Difficulties for Reintegration

 

Eileen Babbit

Assistant Professor of International Politics, Fletcher School of Law, Tufts University

Interviewed by Julian Portilla, 2003


This rough transcript provides a text alternative to audio. We apologize for occasional errors and unintelligible sections (which are marked with ???).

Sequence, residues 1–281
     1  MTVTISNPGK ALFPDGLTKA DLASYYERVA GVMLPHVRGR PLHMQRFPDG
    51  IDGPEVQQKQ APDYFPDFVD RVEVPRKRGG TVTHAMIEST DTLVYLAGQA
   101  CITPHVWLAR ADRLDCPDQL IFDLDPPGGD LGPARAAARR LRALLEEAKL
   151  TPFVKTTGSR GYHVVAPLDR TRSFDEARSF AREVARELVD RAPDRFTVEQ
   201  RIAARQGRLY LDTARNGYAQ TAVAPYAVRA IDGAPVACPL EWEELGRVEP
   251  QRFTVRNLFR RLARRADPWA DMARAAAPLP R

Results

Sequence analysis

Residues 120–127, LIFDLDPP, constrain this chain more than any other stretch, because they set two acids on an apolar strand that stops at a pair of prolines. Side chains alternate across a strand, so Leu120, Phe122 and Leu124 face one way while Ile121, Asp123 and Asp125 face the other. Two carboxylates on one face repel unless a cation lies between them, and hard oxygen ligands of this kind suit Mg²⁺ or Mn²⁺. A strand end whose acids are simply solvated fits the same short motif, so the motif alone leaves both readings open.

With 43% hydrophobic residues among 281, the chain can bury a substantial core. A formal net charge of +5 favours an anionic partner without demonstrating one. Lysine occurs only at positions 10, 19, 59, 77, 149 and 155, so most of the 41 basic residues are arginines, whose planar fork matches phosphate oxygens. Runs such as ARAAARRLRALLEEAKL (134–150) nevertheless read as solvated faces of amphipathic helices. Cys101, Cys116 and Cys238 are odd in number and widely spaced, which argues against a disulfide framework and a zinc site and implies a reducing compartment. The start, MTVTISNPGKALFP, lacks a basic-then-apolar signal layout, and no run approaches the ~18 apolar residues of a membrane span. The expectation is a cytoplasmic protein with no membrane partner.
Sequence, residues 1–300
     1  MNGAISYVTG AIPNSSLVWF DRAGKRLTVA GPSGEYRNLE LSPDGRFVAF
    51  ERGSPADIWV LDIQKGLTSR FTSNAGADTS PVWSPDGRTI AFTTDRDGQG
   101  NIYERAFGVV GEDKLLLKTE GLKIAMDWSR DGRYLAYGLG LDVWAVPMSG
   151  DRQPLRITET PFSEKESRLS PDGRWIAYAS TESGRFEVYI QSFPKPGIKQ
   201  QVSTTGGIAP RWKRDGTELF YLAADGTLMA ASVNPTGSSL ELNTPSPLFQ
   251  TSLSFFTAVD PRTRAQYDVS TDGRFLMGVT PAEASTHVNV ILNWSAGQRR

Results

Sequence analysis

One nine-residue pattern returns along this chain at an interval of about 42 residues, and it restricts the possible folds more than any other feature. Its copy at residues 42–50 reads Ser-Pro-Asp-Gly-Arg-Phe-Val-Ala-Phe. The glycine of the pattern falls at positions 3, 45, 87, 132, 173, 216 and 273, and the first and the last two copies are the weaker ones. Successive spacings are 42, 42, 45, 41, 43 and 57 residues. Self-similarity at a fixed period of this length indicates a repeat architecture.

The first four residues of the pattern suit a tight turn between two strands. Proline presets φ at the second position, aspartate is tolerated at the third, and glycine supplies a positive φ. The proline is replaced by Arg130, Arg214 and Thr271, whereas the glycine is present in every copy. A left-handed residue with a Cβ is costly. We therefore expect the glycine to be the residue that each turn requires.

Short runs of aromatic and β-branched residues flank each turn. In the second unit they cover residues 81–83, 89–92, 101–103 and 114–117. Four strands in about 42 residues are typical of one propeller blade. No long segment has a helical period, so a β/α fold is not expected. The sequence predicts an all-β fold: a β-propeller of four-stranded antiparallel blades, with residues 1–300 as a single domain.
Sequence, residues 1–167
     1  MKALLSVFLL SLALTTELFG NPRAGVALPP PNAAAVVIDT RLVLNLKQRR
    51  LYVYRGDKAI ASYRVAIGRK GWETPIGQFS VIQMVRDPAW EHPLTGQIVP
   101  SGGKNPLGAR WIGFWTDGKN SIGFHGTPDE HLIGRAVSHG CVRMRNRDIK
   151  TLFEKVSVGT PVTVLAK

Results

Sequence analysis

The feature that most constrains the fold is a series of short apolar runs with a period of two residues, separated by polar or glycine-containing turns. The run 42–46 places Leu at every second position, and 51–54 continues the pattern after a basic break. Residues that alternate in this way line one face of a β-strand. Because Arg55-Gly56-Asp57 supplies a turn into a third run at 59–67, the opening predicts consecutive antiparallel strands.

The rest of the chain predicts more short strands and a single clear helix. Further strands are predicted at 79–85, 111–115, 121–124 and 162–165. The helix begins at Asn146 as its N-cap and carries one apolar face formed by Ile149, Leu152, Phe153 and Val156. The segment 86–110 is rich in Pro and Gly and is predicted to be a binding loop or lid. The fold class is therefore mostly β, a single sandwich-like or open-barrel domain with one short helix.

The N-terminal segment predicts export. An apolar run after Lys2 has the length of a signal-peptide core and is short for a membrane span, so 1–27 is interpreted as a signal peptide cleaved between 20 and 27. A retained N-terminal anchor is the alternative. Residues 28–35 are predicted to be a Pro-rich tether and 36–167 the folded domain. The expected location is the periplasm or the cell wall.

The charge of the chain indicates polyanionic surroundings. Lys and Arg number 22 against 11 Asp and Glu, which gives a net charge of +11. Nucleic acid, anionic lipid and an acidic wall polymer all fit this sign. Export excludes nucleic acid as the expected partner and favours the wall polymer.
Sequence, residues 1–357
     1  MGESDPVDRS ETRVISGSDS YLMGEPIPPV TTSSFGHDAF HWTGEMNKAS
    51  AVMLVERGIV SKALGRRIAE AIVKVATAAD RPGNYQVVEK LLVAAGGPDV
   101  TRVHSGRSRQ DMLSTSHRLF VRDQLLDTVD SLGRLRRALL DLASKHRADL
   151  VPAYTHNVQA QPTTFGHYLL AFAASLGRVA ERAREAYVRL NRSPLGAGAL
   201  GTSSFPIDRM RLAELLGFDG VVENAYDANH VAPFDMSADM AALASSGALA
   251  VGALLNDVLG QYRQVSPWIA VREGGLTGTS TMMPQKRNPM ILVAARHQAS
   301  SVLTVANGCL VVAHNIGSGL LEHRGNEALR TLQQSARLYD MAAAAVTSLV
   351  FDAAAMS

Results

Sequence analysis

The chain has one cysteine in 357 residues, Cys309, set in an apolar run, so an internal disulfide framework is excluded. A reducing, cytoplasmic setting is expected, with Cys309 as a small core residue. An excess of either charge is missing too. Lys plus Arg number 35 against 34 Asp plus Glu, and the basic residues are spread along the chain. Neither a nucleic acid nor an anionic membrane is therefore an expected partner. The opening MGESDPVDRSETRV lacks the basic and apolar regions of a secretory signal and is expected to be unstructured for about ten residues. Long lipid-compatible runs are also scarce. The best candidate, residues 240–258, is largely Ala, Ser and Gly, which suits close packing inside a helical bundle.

There's also some assumptions that are being made from donors about what kinds of projects work in these circumstances and one of the assumptions is that if you give people money to create income-generating businesses and you force them to bring everyone from party A and party B into these businesses and work together, they will form these fast friendships because everyone wants to be employed, so it gives them a common goal, a common whatever and in the context of this everything will be well. Not so. I mean we just saw that in the projects that we looked that it was not the case. People tolerated each other. Did they form friendships? Certainly not in six months the businesses were not viable they weren't given training on how to run a business. So there were a lot of assumptions made about how you go about this co-existence work that in practice turned out not to be so effective.